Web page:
Animal costumes can often be made using old or inexpensive t-shirts and household items. The t-shirt can be colored with felt-tip pens to resemble the animal’s markings. Ears and tails may be fashioned from cardboard or paper. Sometimes, you can find animal headbands at the dollar store. Some fun animal costumes are lions, tigers, cows, dogs, and cats. Make the animal sounds to add to the fun.
Often you can purchase inexpensive props from dollar stores or make them using household items such as cardboard, foil, pipe cleaners, hot glue, and free printables from the internet.
Police officer—Wear navy blue pants and a shirt with a silver star, baton, plastic handcuffs, and a notepad.
Firefighter—Wear red or bright yellow pants and a shirt. Make a hatchet out of cardboard and wear a plastic firefighter hat. If you take your child to visit the local fire station, they may give them a plastic hat. Write the word “RESCUE” in red on white paper and pin it to the shirt. A stuffed cat “rescued” from a tree would complete the ensemble.
Nurse/doctor—Wear any color sweatpants and shirt or check for scrubs at a thrift store. Props such as a red cross, stethoscope, and blood pressure cuff can be purchased from the dollar store or made with household materials.
Pastor—Wear a suit and tie and carry a Bible and cross.
Chef/baker—Wear an apron over regular clothing or a white jacket. Find a chef’s hat at a dollar store or fashion one out of a white hand towel. Carry some kitchen tools and a recipe book.
Seamstress—Wear regular clothing and a crazy wig. Add sewing props such as a tape measure, scissors, a pattern, and pins. You could stick some of the accessories into the hair.
Train engineer—Wear jean overalls and a plaid flannel shirt. Look for an engineer’s cap at the dollar store and carry an old-fashioned lantern if you have one. Practice your best “All aboard!” to add authenticity.
Journalist—Wear a professional outfit and make some official-looking press credentials to hang on a lanyard. Carry a notepad, pen, and microphone.
Dancer—Wear a leotard, tights, and tutu. Slick hair back into a bun and apply some makeup and/or glitter to create a beautiful ballerina.
Athlete costumes for baseball, football, hockey, gymnast, wrestling, skiing, and running are usually easy because many already have athletic wear, sports jerseys, or leotards. Pin the name of a famous athlete in the sport onto the shirt. Add some actual sports equipment props or make cardboard facsimiles and wear a headband.
It may take some research, but older children might enjoy learning about scientists, politicians, and historical figures such as Albert Einstein, George Washington, Abraham Lincoln, Madame Curie, Neil Armstrong, or Florence Nightingale. Costumes might be a bit more involved to make, but an older child who is resourceful will probably come up with some great ideas.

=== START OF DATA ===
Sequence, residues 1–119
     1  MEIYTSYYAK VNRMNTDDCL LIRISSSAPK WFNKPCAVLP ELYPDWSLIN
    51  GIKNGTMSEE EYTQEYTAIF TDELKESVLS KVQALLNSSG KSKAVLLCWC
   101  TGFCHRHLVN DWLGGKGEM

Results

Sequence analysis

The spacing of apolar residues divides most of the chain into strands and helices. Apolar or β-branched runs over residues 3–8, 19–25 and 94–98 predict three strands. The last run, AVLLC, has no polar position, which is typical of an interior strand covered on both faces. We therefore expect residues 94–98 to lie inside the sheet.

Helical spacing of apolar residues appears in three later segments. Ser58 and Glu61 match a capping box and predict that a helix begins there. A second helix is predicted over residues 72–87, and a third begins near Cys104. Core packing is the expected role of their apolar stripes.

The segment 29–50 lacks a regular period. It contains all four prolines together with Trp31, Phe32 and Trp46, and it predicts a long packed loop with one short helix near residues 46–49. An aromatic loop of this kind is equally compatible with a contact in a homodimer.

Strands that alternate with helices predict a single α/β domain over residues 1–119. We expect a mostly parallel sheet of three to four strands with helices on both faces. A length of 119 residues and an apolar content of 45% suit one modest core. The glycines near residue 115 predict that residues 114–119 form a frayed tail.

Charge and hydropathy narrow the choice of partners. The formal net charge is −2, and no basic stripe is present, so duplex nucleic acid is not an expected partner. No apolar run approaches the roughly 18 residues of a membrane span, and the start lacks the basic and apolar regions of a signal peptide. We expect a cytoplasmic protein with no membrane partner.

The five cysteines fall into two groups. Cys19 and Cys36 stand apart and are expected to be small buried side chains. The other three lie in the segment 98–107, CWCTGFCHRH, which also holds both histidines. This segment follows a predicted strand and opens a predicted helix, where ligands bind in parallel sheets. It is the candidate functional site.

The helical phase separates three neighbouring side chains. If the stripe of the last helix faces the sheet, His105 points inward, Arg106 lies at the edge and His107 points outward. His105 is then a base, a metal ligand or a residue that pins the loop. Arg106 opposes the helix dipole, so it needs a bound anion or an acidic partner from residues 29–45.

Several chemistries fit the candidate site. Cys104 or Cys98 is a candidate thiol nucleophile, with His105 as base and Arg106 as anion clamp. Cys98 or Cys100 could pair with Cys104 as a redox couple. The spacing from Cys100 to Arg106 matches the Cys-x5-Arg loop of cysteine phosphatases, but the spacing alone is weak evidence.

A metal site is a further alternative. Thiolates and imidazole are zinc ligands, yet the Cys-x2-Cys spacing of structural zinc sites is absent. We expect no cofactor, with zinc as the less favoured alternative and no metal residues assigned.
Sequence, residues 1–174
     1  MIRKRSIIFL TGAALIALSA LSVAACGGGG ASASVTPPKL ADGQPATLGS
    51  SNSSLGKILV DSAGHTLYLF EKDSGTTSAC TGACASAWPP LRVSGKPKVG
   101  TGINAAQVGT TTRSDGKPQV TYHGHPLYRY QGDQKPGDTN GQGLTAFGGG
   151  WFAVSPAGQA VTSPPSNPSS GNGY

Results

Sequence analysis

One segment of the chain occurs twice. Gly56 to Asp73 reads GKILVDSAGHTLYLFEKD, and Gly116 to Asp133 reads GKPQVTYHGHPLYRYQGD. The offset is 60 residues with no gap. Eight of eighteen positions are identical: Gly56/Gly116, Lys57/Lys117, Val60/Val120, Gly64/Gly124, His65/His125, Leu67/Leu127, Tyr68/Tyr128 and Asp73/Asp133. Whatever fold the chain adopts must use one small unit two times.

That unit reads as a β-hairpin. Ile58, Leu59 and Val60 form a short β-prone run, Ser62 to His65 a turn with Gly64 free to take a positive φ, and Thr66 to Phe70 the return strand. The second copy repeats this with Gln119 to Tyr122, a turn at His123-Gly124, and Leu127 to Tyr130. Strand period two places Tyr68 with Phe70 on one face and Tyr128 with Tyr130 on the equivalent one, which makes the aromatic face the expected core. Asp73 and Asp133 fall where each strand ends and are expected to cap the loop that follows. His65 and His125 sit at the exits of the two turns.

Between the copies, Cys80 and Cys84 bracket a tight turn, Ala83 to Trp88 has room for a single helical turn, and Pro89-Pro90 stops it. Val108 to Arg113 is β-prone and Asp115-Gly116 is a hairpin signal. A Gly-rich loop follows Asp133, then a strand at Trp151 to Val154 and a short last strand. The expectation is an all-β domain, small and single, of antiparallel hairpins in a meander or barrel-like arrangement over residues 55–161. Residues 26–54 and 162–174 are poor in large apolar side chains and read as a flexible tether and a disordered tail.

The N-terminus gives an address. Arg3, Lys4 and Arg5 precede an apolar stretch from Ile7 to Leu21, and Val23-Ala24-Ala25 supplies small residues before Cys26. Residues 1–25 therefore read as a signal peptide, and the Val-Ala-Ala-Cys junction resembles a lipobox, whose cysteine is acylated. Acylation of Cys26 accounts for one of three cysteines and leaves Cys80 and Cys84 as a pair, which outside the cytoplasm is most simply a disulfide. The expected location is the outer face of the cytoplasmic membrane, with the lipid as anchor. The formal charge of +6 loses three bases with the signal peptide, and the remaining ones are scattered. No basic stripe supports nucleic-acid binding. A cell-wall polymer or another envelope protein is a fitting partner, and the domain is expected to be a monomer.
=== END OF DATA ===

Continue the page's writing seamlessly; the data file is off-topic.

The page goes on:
Twister—Pin green, red, yellow, and blue dots all over solid-colored pants and shirt, or wear the plastic Twister mat like a cape. Carry the spinner for a prop.
Cards—Wear a solid-colored outfit for the base. Pick a card from a poker deck and print clipart for spades, hearts, clubs, or diamonds, along with a number or a king, queen, or jack. Color the pictures and pin them to the clothing.
Scrabble—Pick up a used scrabble game at the thrift store and hot glue the tiles onto an old t-shirt. Carry a game board as a prop.
Tic Tac Toe—Using markers, draw a tic tac toe board onto an old solid-colored t-shirt. Make Xs and Os out of cardboard and put a strip of Velcro in the squares on the shirt and the game pieces.
Your family will have extra fun if you create a theme and coordinate costumes. For example, each person could be a different character from the same book or a different card in the deck.
Get the Most Out of Costumes
When I was a kid, we stored our costumes for repeated use. Often, the same costumes were worn by different kids in our family each year. Sometimes, we updated or embellished the design. If you save your creations, each year becomes easier to coordinate.
As you can see, costumes don’t need to break the budget or be ghoulish. In fact, I believe we often shortchange our children by simply providing store-bought outfits. Instead of coming up with the perfect costume for your children, allow them free range to design and create their own costumes with simple materials found right in your own home.
Annie Yorty writes and speaks to encourage others to perceive God’s person, presence, provision, and purpose in the unexpected twists and turns of life. Married to her high school sweetheart and living in Pennsylvania, she mothers a teen, two adult children (one with intellectual disabilities), and a furry beast labradoodle. She has written From Ignorance to Bliss: God’s Heart Revealed through Down Syndrome. Please connect with her at http://annieyorty.com/, Facebook, and Instagram.